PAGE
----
China carried out a test of “ground-based midcourse anti-missile intercept technology” that “achieved its expected purpose”, the defence ministry in Beijing has said, describing it as defensive and not aimed at any country.
Beijing has tested missile interceptors before; the most recent previous public announcement of a test was in February 2021, and before that in 2018. State media has said China has conducted anti-missile system tests since at least 2010.
China has been ramping up research into all sorts of missiles, from those that can destroy satellites in space to advanced nuclear-tipped ballistic missiles, as part of a modernisation overseen by President Xi Jinping.
China, along with its ally Russia, has repeatedly expressed opposition to the US deployment of the Terminal High Altitude Area Defense (THAAD) anti-missile system in South Korea.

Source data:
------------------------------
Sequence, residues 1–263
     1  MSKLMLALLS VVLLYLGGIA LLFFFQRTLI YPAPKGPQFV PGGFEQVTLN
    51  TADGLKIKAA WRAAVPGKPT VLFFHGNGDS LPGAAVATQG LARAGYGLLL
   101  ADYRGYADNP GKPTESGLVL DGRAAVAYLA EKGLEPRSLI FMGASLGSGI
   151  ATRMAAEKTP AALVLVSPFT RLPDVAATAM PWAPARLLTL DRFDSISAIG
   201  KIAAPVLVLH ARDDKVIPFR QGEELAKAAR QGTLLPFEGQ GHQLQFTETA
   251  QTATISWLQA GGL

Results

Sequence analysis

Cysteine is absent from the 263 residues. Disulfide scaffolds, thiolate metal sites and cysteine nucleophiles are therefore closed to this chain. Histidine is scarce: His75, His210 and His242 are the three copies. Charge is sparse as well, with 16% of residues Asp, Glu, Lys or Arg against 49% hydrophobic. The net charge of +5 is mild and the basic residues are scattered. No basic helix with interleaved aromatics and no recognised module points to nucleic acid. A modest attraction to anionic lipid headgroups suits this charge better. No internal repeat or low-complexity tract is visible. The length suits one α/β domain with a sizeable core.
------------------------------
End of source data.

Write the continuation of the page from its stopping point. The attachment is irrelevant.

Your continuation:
China argued the equipment’s powerful radar could penetrate into its territory. China and Russia have also held simulated anti-missile drills.
China has given few details about its own missile programmes, aside from occasional brief statements by the defence ministry or in state media.
In 2016, the defence ministry confirmed it was pressing ahead with anti-missile system tests after pictures appeared on state television.
Beijing says such technology is needed for national defence and security.